Rule 3: Cultivate Grit

torah-scrollAfter sharing my observations on an article called “Ten Rules Fit People Live By,” I decided to see if I could do better than the original author by examining each of the rules in the light of Biblical teaching. You can check out Rule #1 here. And Rule #2 here.

In Rule #3, we are admonished to Cultivate Grit.

Grit is the resolve and passion required on a daily basis to pursue a long-term goal. To cultivate grit, you have to commit to consistency no matter what. A fit person wakes up every day knowing she will do whatever it takes to stay on track—whether that means getting up an hour earlier to make it to the gym before work or squeezing in a power walk at lunch. The secret is focusing on the thoughts that drive and inspire you. If it helps to remind yourself how good you’ll feel post workout, for example, do that. If it motivates you to daydream about your future toned tummy, do that. Concentrate on exactly what you want to achieve and make every day count.

I have mixed feelings about cultivating grit. Grit is good. Grit makes people get things done when they’d rather sit around and play Minecraft or binge watch Game of Thrones. But then you could say that it takes a certain amount of grit to get good at Minecraft or endure all those hours of Game of Thrones. If grit gives me nothing better than “how good you’ll feel post workout” or a “future toned tummy,” then I’m not sure it’s really worthwhile.

Why would I want to have grit? Grit allows us to put off something short-term for something better long-term. In fitness terms, it trades a cronut for the ability to walk up the Bright Angel Trail at the Grand Canyon.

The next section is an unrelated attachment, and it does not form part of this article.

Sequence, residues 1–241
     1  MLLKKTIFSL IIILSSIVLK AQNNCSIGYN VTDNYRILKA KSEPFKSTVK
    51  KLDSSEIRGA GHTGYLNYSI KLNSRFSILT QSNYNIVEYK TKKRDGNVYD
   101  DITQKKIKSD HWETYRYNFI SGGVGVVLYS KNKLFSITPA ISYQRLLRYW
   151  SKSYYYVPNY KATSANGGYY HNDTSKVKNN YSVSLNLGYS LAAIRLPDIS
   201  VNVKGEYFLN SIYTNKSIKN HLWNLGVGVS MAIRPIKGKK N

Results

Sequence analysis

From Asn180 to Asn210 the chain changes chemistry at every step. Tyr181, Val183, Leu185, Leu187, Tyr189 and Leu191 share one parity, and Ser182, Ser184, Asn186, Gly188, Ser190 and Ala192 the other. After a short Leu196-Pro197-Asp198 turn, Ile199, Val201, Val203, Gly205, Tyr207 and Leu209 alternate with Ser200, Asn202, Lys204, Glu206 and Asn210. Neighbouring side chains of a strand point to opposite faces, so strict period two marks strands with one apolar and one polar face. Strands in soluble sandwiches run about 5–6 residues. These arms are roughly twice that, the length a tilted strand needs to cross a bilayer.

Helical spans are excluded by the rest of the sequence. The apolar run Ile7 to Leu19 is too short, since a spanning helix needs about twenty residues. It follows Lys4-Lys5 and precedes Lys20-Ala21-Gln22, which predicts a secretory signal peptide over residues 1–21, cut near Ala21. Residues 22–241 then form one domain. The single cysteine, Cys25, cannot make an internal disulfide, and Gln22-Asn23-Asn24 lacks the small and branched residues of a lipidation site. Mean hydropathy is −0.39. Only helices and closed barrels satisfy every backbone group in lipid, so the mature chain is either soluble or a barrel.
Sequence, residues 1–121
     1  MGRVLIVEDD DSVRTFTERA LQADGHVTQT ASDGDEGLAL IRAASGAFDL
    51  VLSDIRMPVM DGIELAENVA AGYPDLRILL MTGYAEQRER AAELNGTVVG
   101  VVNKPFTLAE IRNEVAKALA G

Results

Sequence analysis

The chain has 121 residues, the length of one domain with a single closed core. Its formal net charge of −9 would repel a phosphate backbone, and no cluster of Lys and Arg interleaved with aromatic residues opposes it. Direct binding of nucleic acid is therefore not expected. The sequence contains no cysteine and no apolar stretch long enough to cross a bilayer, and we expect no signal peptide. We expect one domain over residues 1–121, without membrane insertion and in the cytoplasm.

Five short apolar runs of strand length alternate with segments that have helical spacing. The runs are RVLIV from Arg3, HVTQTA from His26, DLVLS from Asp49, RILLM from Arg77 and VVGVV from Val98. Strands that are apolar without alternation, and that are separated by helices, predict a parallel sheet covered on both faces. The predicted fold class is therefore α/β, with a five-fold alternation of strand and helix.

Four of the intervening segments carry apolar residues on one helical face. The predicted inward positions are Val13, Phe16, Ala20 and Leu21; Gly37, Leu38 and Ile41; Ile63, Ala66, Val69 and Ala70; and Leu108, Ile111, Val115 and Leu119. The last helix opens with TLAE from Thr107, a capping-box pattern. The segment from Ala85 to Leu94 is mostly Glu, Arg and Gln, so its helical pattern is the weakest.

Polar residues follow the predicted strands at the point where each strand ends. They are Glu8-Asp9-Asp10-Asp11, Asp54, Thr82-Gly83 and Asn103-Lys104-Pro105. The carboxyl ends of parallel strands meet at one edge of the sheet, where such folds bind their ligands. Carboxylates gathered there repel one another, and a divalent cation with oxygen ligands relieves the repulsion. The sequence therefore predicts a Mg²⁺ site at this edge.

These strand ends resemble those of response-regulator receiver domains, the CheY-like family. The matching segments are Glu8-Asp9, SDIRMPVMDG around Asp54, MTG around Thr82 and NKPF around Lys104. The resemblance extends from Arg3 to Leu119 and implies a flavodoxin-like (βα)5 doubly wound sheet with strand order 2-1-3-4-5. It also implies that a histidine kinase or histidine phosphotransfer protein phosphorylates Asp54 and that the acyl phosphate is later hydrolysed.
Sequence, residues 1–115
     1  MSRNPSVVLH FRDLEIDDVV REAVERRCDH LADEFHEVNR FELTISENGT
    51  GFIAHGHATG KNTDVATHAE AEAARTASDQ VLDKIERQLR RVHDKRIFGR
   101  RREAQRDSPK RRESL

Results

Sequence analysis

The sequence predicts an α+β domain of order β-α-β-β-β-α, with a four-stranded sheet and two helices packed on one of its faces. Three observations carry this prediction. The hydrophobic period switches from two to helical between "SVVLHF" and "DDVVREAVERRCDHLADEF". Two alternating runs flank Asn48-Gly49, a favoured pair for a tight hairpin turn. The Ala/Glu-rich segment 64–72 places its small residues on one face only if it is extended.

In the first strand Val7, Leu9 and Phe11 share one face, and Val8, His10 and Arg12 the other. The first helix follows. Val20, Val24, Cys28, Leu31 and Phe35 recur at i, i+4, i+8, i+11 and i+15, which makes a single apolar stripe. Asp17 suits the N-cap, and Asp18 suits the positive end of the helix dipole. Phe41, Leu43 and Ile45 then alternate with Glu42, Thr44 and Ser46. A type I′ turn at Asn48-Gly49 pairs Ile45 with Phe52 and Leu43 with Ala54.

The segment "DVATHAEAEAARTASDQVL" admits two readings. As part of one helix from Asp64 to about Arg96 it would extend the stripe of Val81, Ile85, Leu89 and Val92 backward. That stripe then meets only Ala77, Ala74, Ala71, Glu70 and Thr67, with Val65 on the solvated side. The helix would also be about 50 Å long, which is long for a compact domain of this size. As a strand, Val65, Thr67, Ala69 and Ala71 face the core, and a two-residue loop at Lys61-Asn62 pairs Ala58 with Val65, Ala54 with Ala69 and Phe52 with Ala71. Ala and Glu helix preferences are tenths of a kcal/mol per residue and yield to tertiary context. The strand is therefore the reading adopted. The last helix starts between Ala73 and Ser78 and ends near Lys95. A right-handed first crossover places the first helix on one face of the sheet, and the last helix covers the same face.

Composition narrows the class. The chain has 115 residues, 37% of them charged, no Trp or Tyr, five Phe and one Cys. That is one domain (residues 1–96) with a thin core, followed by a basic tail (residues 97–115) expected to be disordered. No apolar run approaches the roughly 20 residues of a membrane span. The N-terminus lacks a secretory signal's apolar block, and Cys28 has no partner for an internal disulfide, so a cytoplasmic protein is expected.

The teachings of Jesus are chock full of calls to grit, but there’s nothing much grittier than what He said in Matthew 16:24-27 to the disciples about following Him.

Then Jesus said to his disciples, “Whoever wants to be my disciple must deny themselves and take up their cross and follow me. For whoever wants to save their life will lose it, but whoever loses their life for me will find it. What good will it be for someone to gain the whole world, yet forfeit their soul? Or what can anyone give in exchange for their soul? For the Son of Man is going to come in his Father’s glory with his angels, and then he will reward each person according to what they have done.

Grit basically means denial of self for a higher calling. I can get gritty about a lot of things: money, gardening, music, scholarship, power, or having a future toned tummy. Cultivating grit is not sufficient in itself. Our grit needs to be applied to a worthwhile piece of self denial, a piece of self denial worthy of the One we are called to follow.

Cultivate grit? Yes, but do it be taking up your cross and following Jesus daily. If that gives you a “toned tummy,” consider it a side benefit.